Haohsiang Liao is a Senior Lecturer of Chinese in MIT Global Languages, and directs Chinese language studies. His Massive Open Online Course (MOOC), Chinese Language in Culture, Level 1, launches in August on edX, a MOOC platform founded by Harvard University and MIT in 2012. Interested students can pre-register here. The class starts August 18.

What is the importance of the online classes offered through edX?

Liao: I received an email from a teacher from a village in Pakistan who said that she and her 20 students look forward to the class, which they plan to take in their church in order to use the Internet there, since Internet is otherwise unavailable. That’s an example of how important this is. What we are accomplishing on edX is directly tied to the mission of MIT: not just to generate knowledge—but also to be able to disseminate it. I’ve had the opportunity to travel to a number of different countries over the last few years. Not every learner has access to high-quality education. But to take advantage of these classes, all you need, no matter where and who you are, is internet access! edX is one of the leading platforms for online education. It was founded eight years ago by MIT and Harvard, and today has over 145 institutions contributing from around the world offering over 3,000 free courses covering a vast range of fields. Those courses attract learners from over 190 countries across the globe, with 100 million enrollments to date.

What was the process like to create an edX MOOC?

Liao: Two years ago, together with Professor Jing Wang, I received an MITx Express Exploration Grant, which encourages faculty to explore creating a MOOC. At MIT, MOOC development is directed and supported by the Office of Digital Learning. It’s quite an involved process to produce a MOOC: MITx has standards that the course must adhere to, and they offer resources and personnel to help guide you through the process. For anyone considering this, you must realize that there are several crucial aspects. First there’s funding. While it is free for the learners, it is pretty costly for the producers. Chinese Language in Culture, Level 1 is supported by the MITx Express Exploration Grant and I’ve also received a two-year grant from Taiwan’s Ministry of Education that will help support the development of future MOOCs. Making a MOOC also requires help with the technology, such as learning what the edX platform can do, and what it can’t do. Creating the materials, including videos and audio files, takes work; it may take up to three months just to create a one-minute video, so you need a team in order to make this happen. And of course, you need a pedagogical vision. A key part of MOOC education as a course developer is to have confidence in the materials you put online. Are they sufficient for students to learn on their own? How much material can be covered? Chinese Language in Culture, Level 1, is not equivalent to Chinese I at MIT. It’s probably equivalent to about 1/3 of Chinese I, since it’s shorter than an MIT class (only about 6-8 weeks as opposed to MIT’s 14-week classes).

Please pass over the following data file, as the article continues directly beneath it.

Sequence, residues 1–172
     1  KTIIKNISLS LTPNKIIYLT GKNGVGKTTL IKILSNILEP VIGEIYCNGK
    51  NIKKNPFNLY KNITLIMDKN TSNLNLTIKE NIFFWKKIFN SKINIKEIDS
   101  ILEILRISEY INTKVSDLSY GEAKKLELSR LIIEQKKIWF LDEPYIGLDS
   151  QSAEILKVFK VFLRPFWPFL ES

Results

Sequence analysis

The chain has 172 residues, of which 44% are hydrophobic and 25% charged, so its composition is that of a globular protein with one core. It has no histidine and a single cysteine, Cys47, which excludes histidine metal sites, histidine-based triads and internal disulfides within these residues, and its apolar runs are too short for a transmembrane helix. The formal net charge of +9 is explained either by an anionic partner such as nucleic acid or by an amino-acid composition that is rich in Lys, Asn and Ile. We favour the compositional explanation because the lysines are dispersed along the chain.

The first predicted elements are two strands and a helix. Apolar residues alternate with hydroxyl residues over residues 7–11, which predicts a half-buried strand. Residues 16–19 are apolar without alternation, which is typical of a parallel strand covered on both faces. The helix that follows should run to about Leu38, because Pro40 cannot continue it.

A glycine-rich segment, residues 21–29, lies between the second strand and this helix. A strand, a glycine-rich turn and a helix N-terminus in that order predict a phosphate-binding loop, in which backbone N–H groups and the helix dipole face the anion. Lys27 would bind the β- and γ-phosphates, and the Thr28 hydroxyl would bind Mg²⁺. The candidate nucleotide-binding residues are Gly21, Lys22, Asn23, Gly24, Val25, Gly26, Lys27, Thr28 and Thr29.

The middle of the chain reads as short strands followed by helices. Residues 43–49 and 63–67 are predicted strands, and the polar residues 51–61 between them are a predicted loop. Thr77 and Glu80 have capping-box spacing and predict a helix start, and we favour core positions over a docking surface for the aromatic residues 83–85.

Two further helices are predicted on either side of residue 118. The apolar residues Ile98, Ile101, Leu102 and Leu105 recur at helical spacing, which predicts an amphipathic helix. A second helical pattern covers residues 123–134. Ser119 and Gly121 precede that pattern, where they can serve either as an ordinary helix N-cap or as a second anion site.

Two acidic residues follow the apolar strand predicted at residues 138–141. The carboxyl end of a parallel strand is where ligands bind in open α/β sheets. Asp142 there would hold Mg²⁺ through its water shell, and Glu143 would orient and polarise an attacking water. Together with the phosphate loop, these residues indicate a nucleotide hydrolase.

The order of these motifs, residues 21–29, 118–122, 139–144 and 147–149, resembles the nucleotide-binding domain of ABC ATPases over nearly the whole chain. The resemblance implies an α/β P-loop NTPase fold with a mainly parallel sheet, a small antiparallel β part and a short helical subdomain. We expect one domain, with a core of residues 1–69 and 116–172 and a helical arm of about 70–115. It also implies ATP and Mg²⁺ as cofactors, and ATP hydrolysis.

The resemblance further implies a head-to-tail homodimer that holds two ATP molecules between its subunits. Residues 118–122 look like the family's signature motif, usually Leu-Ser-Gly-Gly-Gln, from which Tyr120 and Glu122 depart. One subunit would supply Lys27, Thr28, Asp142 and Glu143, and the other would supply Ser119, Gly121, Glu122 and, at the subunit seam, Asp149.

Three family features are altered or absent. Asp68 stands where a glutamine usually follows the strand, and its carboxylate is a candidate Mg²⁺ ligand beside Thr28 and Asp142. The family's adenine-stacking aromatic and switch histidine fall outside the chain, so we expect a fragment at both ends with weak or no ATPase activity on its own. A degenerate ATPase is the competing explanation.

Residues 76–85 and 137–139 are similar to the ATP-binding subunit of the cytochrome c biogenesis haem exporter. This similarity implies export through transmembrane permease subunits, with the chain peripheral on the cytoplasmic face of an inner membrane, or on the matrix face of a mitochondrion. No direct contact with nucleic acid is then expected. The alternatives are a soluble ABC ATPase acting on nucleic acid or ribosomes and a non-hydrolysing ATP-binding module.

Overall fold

The MOOCs don’t include any synchronous virtual class meetings, so students are really studying on their own. How do you make that work? 

Liao: First of all, it’s important to help students find a rhythm to study. They are working their way through the materials alone. We can help advise them with recommended study procedures. It is also critical that learning is followed by doing. That is, we present grammar points, for example, in a video. And then each grammar item is followed immediately by exercises for the students to practice. An important question for a teacher is figuring out how you make sure your learners are learning. Without synchronous meetings, how do you monitor their progress? The ability to assess learners is key. Whatever you present needs to be followed immediately with assessment. There are some built-in assessment tools on the platform, though more would be welcome, especially in terms of assessing speaking and writing skills in foreign language learning. Even though we do not have regular class meetings with students, we offer a variety of social engagement online, such as discussion forums, weekly webinars, and social media.

What has been the response to your class so far?

Liao: Chinese Language in Culture, Level 1 is the first Chinese language MOOC offered on the edX platform by a North American university, as well as the first foreign language MOOC on MITx—MIT on edX—open to the public. I am creating levels 2 and 3 to launch next year. I’m so excited to be part of creating high-quality Chinese language education that can be made available to learners across the globe—open and free for all users. Already, in the span of just a few weeks, students from 70 different countries have registered for my class.